Research details

Intergenerational relations and the settlement experiences of African migrants in northern England

Author[s] Cook, Joanne; Waite, Louise and Aigner, Petra

Date 2009



The report looks at how the migration and integration experiences of African migrants living in Yorkshire vary across family generations. The study was funded by the British Academy under its Research Development Scheme.


Data was obtained over an 18 month period during 2008-09 through 40 biographical interviews with 20 families of African origin [Sudanese, Somali, Kenyan and Zimbabwean] living in Yorkshire. Interviews were also conducted with other key individuals including community leaders, and local and national policy makers. Data was also gathered from focus group discussions conducted within the four African communities. All those involved in the study had lived in the UK for between five and 40 years and came to the UK by a range of migration paths [migrant workers, students, family joiners, refugees, EU citizens] – although many of the ‘child’ generation were British born.

Key issues

The report focuses on the intergenerational aspects of migration and its consequences. It looks at how the different generations from each of the four African countries involved in the study feel that their migration to the UK has affected relationships within the family, their cultural identity and the development of social networks. It also examines their views on welfare provision, education and employment, and their experiences of discrimination and prejudice. The report includes numerous [anonymised] quotes from those involved in the study.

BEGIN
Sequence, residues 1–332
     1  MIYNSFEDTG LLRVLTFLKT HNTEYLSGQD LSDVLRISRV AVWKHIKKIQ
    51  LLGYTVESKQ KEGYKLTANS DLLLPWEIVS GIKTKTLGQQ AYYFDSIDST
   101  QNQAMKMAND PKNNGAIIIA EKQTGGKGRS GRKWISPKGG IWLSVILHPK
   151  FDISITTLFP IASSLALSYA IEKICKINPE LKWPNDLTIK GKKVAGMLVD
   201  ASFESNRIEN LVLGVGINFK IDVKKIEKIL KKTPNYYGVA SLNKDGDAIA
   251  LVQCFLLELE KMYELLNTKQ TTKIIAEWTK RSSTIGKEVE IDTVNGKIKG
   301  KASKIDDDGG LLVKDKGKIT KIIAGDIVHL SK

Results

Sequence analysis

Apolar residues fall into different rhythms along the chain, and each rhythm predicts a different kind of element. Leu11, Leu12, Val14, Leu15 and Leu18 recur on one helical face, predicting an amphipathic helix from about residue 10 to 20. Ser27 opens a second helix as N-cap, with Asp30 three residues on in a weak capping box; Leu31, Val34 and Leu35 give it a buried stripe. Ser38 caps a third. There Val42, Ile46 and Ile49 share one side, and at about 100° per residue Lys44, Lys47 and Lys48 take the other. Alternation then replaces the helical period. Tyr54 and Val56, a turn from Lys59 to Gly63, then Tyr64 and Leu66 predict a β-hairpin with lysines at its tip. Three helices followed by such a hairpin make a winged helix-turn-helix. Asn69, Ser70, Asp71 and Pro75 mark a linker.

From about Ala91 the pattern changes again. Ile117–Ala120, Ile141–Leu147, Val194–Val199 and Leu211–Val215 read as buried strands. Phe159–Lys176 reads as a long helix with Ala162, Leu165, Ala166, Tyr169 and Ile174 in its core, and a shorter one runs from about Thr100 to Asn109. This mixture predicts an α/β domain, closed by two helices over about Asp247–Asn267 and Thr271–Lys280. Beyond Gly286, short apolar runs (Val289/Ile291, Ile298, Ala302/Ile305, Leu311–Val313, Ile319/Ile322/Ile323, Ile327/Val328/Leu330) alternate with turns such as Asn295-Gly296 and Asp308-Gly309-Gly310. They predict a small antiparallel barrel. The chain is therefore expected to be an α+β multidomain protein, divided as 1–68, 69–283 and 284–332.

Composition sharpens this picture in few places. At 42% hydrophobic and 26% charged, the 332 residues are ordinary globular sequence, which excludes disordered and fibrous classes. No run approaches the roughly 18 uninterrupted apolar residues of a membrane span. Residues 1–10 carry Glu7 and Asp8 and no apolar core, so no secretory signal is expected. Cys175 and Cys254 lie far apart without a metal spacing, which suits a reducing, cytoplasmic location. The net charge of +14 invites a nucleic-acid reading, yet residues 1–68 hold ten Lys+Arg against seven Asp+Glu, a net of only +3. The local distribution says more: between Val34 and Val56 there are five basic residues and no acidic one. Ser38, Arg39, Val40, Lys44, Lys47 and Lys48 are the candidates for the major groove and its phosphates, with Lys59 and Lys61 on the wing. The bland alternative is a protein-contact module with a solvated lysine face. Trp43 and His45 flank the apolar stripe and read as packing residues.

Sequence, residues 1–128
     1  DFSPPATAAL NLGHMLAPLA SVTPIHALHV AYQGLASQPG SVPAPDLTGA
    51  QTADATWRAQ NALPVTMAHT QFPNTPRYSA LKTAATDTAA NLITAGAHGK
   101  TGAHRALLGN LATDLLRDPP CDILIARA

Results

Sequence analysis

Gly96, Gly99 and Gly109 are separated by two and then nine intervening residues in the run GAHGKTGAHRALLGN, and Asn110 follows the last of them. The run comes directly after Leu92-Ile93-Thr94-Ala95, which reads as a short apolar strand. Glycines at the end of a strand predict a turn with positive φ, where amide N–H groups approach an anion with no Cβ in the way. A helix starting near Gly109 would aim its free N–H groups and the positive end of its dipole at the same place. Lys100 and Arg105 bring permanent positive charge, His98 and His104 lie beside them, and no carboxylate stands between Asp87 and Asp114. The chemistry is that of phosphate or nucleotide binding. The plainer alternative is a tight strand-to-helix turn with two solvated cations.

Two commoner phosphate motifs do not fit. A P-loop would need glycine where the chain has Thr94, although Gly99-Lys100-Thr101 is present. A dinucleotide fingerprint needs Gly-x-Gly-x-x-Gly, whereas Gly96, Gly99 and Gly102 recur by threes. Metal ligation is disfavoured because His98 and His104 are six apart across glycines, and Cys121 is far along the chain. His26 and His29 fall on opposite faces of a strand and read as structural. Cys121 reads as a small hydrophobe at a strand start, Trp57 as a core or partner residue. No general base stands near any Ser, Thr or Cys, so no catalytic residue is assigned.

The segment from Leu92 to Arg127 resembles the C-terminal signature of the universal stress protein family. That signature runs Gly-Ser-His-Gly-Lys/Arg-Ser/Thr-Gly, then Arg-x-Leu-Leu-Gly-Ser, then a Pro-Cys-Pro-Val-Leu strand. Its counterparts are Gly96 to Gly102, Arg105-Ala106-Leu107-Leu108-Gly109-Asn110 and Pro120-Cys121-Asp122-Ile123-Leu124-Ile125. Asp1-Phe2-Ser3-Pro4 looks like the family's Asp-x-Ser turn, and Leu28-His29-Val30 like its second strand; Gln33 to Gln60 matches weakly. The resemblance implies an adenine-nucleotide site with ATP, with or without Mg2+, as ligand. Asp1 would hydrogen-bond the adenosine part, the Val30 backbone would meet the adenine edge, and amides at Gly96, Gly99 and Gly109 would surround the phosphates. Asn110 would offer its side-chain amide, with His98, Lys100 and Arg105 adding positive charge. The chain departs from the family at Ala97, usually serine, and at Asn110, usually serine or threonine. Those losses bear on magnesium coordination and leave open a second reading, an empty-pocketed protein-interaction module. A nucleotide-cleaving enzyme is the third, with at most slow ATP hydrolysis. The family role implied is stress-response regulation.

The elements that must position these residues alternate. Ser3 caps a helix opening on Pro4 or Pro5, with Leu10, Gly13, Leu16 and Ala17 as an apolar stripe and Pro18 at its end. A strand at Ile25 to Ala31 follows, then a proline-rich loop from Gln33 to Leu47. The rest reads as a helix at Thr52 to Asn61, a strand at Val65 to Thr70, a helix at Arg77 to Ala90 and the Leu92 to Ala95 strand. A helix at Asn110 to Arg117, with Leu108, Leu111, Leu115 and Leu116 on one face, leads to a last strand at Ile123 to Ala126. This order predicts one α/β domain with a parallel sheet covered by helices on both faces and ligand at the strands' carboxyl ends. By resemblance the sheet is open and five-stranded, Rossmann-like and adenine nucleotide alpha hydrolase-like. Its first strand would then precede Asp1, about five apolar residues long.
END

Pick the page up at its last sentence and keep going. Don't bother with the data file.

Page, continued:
Noteworthy conclusions include:

  • Islamaphobia is an additional burden carried by many Muslim women because of their heightened visibility compared to men.
  • Parenting across two cultures is challenging and can lead to the development of serious tensions between parents and their children.
  • The most successful transitions post migration were found in those families where both parents and children developed strategies for embracing their new culture whilst maintaining key traditions from their country of origin.


The report states that integration policies should not mistake difficulties migrants have in being accepted in the UK for a lack of attachment to the country. It also offers a number of recommendations for policy makers around housing provision for, and the settlement and integration of, asylum seekers and emphasises the need for greater equality in education and employment for migrants.

Further details

Resource type
Published by
University of Stirling and University of Leeds

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